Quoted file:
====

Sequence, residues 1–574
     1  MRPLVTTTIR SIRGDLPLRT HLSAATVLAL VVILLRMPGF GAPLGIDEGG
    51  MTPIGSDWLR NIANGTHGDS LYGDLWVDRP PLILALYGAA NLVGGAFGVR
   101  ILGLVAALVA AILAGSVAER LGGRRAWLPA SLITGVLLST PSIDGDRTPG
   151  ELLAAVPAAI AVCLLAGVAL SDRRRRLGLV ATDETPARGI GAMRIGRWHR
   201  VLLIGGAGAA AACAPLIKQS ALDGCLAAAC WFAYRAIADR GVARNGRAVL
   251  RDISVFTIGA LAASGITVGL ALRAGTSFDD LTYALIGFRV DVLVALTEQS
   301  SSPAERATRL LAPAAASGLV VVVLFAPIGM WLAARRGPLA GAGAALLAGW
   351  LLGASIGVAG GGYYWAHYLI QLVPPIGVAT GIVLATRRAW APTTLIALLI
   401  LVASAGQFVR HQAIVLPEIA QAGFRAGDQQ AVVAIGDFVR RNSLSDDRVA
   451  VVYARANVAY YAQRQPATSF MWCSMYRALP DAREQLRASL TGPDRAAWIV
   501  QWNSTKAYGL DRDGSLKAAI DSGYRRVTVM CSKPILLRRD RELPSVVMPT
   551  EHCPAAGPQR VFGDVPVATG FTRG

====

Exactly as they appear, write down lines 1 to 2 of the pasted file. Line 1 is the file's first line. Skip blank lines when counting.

Sequence, residues 1–574
     1  MRPLVTTTIR SIRGDLPLRT HLSAATVLAL VVILLRMPGF GAPLGIDEGG